March 26, 2010

First Chance Exception Event .NET 4.0

I have been spending quite a bit of time recently working with Visual Studio 2010 and .NET 4.0, working to keep up to date with the rapid additions to the .NET framework.  In this blog posting I'll share one fun new addition to the .NET framework that can be very helpful when creating applications and looking for a method to log all exceptions for logging purposes.  Starting with .NET 4.0 there is a new event available from the AppDomain object "FirstChanceException".  The following explains a bit about this new feature and how it could be helpful.

What is the FirstChanceException Event

Although a descriptive name, it is important to understand the full meaning of this event.  Per the MSDN Documentation it "occurs when an exception first occurs in managed code, before the runtime has made its first pass searching for suitable exception handlers."  So to help explain this in a bit more simple terms, the event is raised as soon as the event is thrown, even before any Try/Catch blocks are executed.  So it will be raised on ALL exceptions within the application domain (With the exception of StackOverflow or access violations).

How Can This Help?

So the next logical question is, "great, buy I care about this because why?"  Well, consider a WPF or WinForms application that you are getting ready to distribute to clients, or for beta testing.  By subscribing to the FirstChanceException event, you can quickly log out ALL exceptions that are occurring within your application, even those that are handled.  This can allow you to identify locations in your code that might need to be re-worked, or alternatively it introduces plumbing for diagnostic processes that wasn't possible before.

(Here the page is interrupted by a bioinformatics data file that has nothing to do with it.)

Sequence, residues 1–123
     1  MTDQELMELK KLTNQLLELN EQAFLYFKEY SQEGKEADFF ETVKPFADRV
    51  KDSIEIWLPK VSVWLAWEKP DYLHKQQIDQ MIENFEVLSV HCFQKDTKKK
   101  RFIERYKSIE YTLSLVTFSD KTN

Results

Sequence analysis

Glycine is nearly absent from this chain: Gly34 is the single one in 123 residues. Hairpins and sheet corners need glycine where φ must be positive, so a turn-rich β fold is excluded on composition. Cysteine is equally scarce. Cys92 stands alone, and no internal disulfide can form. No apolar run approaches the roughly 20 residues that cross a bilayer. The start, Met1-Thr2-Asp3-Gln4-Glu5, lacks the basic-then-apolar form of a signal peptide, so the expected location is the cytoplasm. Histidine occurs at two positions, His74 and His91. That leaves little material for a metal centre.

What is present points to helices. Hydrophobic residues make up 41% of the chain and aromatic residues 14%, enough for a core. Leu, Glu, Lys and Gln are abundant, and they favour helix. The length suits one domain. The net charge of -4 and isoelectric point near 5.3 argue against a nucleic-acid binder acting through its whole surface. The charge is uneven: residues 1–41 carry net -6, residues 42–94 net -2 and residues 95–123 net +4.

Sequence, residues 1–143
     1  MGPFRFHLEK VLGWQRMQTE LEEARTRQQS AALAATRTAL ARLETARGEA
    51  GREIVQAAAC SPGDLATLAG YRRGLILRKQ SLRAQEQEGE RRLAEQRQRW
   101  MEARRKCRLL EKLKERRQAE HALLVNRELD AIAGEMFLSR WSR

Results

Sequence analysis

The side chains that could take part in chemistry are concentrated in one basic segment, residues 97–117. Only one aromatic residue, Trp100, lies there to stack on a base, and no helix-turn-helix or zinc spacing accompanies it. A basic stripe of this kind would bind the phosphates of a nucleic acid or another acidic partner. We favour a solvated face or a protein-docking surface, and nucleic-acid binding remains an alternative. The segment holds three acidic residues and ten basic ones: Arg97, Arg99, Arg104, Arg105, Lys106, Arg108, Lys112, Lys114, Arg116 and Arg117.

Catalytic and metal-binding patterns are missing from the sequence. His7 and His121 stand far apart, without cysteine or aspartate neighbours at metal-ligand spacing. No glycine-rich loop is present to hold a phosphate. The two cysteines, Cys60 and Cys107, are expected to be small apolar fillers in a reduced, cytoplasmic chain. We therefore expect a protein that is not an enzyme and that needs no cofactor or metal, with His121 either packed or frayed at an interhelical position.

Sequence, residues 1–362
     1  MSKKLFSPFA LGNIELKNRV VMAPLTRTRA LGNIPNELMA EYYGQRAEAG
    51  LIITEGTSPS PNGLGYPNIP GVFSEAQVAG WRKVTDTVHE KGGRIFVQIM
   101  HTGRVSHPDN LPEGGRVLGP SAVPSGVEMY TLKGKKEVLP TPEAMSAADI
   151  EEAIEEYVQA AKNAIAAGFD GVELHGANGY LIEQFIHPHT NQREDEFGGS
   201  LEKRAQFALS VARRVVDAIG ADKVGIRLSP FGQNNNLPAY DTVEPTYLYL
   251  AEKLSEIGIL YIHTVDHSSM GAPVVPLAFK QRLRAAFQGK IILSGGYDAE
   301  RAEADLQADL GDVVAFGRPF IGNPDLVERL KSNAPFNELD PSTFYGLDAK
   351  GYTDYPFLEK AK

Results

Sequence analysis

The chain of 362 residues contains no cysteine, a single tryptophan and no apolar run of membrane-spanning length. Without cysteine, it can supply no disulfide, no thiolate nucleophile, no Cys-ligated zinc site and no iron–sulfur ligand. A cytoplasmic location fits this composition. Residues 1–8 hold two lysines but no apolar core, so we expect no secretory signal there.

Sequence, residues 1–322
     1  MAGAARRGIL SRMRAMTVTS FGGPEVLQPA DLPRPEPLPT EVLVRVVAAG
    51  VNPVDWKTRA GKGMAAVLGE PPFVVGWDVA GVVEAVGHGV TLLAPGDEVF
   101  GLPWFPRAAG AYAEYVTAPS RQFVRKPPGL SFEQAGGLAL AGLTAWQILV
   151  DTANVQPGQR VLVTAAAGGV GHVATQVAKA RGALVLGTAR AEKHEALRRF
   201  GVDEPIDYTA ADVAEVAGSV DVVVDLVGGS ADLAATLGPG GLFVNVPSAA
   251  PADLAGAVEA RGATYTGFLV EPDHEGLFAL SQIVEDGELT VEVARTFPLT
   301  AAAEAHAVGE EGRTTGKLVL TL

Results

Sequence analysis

However, it is important to note that the FirstChanceException is a "notification" event, you CANNOT "handle" an exception within this event, so unhandled exceptions can still cause a hault to your application, however, you can be assured that the FirstChanceException event would be raised first, allowing you to log the critical information before your application crashes.

I hope this information has been helpful, I'll be working on more .NET 4.0, C# 4.0, and Visual Studio 2010 content in the upcoming weeks!  Share any comments below.

tags: .NET 4.0
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